PoV (Point of View)

January 28, 2012 5 Min Read

Review by: Fusion3600

Plot: What’s it about?

The concept of an “interactive movie” has been explored in many ways, but most turn out to be less than impressive. Some nice strides have been made of course, but for the most part, the realization hasn’t evolved all that much. But with the release of Tender Loving Care, it seemed like things were looking up and now, we’re taken to the next level with PoV, also known as Point of View. In this interactive experience, we follow the path of Jane (Stefanie von Pfetten), a beautiful young woman who works as an artist, but expresses herself little outside of that medium. She is a visionary young woman to be sure, but she has little human contact, choosing to limit herself to her artwork, which is kind of strange. But she begins to long for the human touch, when she starts to watch her neighbor Frank and of course, finds herself attracted to him. He is unaware of course, but she takes photographs of him and then uses them as templates, to create erotic artwork of the two of them. As the story then unfolds, we’re given the wheel and allowed to drive the picture, making choices that could change these lives forever…

I have to admit, I didn’t expect much from PoV and while I did like Tender Loving Care, I wasn’t sure how much of an improvement this would be. But I was surprised with how smoother and more immersive this release is, a true step above and beyond all other interactive films, to be sure. The acting still leaves a little to be desired at times, but Stefanie von Pfetten (Valentine, The Invitation) is likable and supplies supple eye candy, which is always welcome. I’d still like to see a more gifted ensemble tackle a project like this, but even so, the cast here is more than decent. I don’t think we’ll ever reach a seamless brand of interactive picture, but PoV plays like a high end video game drama, but much more immersive, I think. The choices are much more subtle in PoV, not the overly simple stuff we’ve seen before, which adds a lot to the experience also. The options here adapt to your reactions, which is like a new twist also, very cool indeed. I know these kind of releases have a special audience, but even those who’ve disliked prior interactive movies should give PoV a spin, as it is the finest example of the concept thus far, in my opinion.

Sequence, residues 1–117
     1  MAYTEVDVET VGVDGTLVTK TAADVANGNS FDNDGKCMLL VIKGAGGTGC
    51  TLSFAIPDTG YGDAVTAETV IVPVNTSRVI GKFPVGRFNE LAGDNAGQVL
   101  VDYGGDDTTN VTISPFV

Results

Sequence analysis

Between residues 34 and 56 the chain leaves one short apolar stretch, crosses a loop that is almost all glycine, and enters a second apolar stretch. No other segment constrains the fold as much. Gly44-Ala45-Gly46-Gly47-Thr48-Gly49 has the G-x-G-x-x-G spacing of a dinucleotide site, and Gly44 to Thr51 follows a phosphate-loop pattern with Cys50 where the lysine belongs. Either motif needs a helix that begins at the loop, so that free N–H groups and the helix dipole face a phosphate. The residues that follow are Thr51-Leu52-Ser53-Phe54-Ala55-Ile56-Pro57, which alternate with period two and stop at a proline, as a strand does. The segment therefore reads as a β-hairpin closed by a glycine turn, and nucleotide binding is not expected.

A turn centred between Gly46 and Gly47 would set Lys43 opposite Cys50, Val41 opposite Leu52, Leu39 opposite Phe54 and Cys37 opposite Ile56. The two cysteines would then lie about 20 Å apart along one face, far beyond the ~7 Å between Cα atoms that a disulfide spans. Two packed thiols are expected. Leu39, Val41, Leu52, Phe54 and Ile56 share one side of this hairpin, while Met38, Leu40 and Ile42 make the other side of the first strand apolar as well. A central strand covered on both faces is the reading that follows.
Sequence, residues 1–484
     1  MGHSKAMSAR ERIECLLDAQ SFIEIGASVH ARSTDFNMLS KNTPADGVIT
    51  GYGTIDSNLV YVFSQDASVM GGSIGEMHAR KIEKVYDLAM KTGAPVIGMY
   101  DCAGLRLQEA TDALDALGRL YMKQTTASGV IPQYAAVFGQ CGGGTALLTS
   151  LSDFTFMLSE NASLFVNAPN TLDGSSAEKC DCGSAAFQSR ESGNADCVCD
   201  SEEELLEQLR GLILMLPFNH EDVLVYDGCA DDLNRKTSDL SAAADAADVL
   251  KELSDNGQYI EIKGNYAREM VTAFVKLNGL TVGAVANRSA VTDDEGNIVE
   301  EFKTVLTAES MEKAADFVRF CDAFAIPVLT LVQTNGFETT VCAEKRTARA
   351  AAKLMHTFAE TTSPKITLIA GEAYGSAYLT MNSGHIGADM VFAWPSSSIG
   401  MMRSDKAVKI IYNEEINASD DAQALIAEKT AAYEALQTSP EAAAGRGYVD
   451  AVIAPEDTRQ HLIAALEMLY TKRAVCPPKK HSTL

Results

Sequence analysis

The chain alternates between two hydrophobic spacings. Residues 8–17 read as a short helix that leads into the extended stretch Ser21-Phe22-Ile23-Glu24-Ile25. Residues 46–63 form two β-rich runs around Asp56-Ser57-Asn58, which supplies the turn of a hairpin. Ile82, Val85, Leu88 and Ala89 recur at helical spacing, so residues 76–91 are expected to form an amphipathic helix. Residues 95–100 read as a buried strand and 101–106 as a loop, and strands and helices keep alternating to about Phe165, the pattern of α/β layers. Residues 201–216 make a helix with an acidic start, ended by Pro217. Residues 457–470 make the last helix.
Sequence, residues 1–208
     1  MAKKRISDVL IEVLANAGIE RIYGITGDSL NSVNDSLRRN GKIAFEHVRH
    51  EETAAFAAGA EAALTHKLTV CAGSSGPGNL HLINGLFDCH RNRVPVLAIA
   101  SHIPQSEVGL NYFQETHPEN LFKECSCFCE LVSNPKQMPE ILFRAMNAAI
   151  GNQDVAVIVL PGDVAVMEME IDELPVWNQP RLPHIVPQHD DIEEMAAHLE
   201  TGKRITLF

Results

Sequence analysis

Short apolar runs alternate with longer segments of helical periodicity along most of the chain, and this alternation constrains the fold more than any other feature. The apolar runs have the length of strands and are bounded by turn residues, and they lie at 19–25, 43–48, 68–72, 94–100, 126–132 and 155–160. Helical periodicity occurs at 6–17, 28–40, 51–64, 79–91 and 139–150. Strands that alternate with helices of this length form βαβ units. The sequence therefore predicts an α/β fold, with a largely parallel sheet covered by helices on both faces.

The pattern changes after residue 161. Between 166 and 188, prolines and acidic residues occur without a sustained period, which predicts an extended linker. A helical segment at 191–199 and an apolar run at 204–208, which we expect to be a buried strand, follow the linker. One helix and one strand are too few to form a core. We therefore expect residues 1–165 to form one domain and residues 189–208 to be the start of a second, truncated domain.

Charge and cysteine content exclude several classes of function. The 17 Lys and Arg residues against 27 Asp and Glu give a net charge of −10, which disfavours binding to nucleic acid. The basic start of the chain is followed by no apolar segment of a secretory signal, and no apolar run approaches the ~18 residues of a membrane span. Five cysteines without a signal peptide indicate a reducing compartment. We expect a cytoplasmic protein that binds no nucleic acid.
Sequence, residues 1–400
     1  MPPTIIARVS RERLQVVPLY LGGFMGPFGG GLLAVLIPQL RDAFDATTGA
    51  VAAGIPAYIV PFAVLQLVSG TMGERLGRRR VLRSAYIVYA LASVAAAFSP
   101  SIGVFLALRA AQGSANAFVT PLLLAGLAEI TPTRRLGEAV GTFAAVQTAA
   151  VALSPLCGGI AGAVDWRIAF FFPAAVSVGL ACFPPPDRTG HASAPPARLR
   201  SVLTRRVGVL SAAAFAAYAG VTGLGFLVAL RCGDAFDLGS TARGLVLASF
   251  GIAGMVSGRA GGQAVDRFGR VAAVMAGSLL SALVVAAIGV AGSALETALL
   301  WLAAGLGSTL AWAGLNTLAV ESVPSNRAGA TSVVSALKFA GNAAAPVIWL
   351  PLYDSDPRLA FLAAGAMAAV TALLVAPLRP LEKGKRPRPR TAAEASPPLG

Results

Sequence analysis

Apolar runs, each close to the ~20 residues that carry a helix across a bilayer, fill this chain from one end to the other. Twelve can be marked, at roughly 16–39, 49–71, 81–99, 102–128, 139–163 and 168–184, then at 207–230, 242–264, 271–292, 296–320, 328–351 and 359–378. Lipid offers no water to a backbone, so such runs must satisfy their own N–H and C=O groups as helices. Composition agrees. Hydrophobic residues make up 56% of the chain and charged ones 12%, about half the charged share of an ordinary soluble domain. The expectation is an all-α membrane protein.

Video: How does it look?

PoV is presented in a 1.78:1 anamorphic widescreen transfer. The image here is clean and razor sharp, no real flaws to report in the least. I saw no errors with the source print at all, while the other elements seem in proper form also. I suppose a few instances of edge enhancement could be mentioned, but they’re not enough to lower the score much. The colors look bright and vivid, while flesh tones remain natural, very impressive indeed. No problems with contrast either, as black levels are rich and stark, while detail is strong and defined. All in all, a very solid and often excellent visual presentation, all movies should look good.

Audio: How does it sound?

This feature doesn’t have intense audio needs, but the included mix more than handles it all, to be sure. I found the sound effects to be well presented, while the musical soundtrack also comes through without much trouble. The dialogue is crisp and always easy to understand also, with no volume level problems to contend with. I don’t think you’ll use this audio track to demonstrate your home theater, but presents the elements in fine form, which is what counts.

Supplements: What are the extras?

This disc includes some detailed notes on PoV, as well as a behind the scenes featurette and a trailer.

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